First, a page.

As I write this, three hikers are missing on the Pacific Crest Trail. One hasn't been heard from since April, which brings up fearful thoughts of snowy Fuller Ridge. The other never picked up her resupply package north of Yosemite and was last seen July 17th. Last week another hiker was found submerged in a dangerous creek crossing. She didn't make it. The last disappeared in October and has never been found.
The chorus has begun again, saying that people should not hike alone. It's true that if the hiker who drowned had waited for others to help her cross, the outcome would have been very different. But we all know of friends who have died in the mountains, their companions by their side. The truth is that the wilderness is never going to be completely safe.
I've hiked a lot with other people lately, and I get it. It's nice to have someone else to consult when the trail disappears in snow or when you have to balance precariously on a log at a creek crossing. When you are on the struggle bus going up a hill (or in my case, downhill) it's good to have someone else to hear you whine. Decisions--where to camp, should we get water here, should we turn back; all of those are good to share.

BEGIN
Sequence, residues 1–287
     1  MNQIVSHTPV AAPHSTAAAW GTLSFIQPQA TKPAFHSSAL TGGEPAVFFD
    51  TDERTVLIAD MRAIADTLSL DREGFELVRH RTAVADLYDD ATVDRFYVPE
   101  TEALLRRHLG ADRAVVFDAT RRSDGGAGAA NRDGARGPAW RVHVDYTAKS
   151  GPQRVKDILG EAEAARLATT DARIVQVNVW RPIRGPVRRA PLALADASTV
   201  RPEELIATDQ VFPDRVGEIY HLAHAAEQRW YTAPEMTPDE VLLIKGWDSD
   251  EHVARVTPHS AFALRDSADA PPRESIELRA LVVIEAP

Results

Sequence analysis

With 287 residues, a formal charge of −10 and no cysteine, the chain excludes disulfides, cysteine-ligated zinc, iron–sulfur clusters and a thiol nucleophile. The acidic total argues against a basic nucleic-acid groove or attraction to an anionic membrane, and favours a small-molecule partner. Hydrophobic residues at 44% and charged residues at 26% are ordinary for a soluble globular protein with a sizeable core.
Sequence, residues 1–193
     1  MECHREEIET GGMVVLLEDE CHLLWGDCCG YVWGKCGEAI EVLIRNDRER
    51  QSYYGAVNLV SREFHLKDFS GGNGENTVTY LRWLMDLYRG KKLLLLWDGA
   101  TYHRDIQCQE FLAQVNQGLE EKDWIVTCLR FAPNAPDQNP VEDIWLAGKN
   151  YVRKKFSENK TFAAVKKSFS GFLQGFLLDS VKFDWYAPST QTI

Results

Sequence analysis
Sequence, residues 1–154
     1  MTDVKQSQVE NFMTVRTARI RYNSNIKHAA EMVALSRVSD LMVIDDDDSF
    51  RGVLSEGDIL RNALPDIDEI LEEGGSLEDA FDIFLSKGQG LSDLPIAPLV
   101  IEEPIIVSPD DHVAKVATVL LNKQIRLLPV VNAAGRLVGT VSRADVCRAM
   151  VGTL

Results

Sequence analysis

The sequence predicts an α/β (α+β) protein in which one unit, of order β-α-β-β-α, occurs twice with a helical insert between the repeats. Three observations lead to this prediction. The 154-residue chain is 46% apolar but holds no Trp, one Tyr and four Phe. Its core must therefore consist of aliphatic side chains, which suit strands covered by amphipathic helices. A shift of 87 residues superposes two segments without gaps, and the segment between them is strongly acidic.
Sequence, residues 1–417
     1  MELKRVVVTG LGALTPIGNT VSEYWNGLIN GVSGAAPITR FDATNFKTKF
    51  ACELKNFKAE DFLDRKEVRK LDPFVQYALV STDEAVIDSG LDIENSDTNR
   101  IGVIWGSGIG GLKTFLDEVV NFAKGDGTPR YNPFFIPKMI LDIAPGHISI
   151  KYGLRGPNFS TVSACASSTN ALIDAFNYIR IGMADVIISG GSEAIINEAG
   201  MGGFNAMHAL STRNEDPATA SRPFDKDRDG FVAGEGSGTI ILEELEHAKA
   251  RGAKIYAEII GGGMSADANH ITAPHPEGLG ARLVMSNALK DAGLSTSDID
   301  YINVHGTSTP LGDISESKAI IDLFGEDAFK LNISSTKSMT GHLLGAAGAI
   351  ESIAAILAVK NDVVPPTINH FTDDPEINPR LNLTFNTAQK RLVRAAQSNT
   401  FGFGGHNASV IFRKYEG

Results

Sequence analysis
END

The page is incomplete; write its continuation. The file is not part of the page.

And let's be honest--hiking while female brings its own dangers. I have been fortunate that I have only met a couple of sketchy people in the woods, but it's something that men will never really get.
I once knew a man who really wanted to go on a cruise, but he put it off, saying that he wouldn't go until he had a girlfriend to go with him. In the decades since, he has yet to acquire said girlfriend, so he has stayed home. I feel that way about hiking solo. If I wait for someone to go with, I won't go. Going is more important.
There are ways to stay safe. You have to be willing to turn around. You have to admit when something is too hard, or too dangerous. You have to pay attention to all of the little things that can add up to something that you can't come back from. And you have to know that, despite all this, something can go wrong. It can go wrong even if you have an army with you. That's just the way the wilderness works.
Trail sisters and brothers, I hope you are all found safe.